Hydrogen and biomethane pipe upgrade project set to slash UK’s grid emissions

Hydrogen and biomethane gas pipelines will replace old iron ones leading to a reduction, which is estimated to be equivalent to taking half a million cars off the road

A significant reduction of carbon dioxide emissions from the UK grid is expected in the next 12 years as a result of a new pipe upgrade project announced by the Energy Networks Association.

The work is part of the Iron Mains Risk Replacement Programme, which replaces old iron gas pipelines in Britain’s low-pressure gas networks with hydrogen and biomethane-ready piping made from plastic.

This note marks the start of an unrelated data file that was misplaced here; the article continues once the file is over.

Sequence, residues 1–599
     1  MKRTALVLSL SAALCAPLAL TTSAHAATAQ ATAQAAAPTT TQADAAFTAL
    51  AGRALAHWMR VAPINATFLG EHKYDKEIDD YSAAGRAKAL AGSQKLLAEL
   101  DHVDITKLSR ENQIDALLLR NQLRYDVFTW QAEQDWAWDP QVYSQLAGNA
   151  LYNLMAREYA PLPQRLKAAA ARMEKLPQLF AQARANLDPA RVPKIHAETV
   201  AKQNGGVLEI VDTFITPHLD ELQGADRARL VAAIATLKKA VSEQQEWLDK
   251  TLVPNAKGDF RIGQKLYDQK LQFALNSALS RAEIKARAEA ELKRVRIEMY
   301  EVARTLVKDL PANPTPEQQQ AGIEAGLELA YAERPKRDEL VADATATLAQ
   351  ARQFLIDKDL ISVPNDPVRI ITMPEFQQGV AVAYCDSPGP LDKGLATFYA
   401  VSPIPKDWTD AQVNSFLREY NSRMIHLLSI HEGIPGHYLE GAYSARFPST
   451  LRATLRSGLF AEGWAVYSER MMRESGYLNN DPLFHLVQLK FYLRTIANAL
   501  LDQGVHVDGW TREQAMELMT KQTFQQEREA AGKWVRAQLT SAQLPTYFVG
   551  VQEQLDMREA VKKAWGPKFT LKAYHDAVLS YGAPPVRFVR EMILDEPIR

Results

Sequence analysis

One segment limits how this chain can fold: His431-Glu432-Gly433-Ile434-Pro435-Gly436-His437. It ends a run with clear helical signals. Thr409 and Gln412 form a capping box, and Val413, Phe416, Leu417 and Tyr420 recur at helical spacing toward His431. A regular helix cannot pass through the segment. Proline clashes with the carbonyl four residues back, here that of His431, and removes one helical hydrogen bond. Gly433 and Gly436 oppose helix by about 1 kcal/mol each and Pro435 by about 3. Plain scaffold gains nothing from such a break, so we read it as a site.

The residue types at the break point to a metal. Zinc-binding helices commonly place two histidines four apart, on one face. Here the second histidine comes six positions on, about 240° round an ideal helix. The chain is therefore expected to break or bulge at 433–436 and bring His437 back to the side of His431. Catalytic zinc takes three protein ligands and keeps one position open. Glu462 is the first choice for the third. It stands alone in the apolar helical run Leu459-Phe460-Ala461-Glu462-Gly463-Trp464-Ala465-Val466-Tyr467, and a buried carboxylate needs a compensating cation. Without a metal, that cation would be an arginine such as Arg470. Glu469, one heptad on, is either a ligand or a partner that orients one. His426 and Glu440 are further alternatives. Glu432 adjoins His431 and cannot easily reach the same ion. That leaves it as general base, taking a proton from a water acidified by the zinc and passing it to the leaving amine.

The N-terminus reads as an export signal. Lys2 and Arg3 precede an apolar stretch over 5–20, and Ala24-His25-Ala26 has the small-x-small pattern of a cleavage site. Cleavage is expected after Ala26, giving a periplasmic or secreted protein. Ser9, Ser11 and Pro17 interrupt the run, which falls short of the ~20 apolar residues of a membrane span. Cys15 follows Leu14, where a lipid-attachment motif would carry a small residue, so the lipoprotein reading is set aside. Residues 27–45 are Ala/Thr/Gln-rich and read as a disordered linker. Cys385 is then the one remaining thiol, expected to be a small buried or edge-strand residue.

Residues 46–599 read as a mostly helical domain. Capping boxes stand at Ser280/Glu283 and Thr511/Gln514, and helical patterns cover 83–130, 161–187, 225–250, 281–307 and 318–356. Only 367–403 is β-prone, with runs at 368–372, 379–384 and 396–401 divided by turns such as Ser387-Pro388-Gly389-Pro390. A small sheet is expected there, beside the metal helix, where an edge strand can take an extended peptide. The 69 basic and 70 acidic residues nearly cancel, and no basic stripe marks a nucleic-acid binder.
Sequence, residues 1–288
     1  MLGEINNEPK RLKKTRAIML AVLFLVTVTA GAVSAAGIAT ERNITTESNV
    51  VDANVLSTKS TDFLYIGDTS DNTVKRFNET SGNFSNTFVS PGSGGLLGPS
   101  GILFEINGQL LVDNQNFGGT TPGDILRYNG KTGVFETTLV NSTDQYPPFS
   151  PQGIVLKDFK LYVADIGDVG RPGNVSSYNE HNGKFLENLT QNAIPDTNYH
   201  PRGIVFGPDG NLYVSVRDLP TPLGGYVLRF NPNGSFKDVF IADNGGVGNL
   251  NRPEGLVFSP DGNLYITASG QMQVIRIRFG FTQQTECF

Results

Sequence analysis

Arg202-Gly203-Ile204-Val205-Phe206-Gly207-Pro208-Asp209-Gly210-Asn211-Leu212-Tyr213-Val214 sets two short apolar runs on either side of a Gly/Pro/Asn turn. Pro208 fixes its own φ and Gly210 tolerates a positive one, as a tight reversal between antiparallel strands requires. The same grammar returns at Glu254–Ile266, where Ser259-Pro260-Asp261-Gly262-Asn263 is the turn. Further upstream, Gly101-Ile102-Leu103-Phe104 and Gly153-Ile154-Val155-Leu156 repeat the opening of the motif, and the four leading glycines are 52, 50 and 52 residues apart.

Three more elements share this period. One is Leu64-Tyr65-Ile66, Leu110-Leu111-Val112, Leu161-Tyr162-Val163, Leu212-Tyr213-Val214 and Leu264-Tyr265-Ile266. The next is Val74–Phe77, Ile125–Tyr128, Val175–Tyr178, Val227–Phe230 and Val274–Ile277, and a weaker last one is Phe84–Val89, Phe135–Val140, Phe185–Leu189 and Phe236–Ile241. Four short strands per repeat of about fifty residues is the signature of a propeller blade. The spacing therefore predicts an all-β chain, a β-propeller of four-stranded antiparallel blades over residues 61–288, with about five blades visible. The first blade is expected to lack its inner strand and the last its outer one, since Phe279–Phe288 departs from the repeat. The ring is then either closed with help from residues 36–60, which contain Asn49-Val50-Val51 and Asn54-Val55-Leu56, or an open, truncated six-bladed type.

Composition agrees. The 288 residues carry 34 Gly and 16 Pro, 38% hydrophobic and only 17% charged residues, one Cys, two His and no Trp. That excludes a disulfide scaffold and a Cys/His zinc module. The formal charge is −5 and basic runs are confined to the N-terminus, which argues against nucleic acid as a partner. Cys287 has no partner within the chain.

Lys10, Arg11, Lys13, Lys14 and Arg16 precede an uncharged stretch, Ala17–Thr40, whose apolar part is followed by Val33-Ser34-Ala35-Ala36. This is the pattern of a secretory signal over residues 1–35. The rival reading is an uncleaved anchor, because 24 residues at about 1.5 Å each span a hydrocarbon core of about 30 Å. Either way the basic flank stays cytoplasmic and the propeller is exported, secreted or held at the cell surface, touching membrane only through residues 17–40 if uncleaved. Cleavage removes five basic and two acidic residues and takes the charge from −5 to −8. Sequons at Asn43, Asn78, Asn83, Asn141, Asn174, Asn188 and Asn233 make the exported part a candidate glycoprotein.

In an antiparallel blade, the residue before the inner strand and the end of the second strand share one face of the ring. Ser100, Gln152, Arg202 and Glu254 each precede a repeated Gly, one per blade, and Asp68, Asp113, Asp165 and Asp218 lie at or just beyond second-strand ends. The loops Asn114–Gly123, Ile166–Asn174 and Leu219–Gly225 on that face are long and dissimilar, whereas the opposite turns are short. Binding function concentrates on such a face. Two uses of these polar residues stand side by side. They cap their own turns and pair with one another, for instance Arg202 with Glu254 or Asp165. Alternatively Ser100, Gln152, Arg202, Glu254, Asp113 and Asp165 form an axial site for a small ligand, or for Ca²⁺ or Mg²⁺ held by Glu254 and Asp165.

According to figures, by 2032 the replacement is expected to reduce carbon dioxide emissions by an amount equivalent to taking half a million cars off the road.

The project, which aims to create a hydrogen-ready network and deliver the ‘world’s first zero-carbon gas grid, is based on a £28 billion investment.

David Smith, Chief Executive of Energy Networks Association, said: “We need to decarbonise the gas that we use.

“And an investment programme that was first introduced in 2002 to improve safety is now playing a vital role in reducing emissions and laying the foundations for a world-leading zero carbon gas grid, coming in on-time and under budget.”

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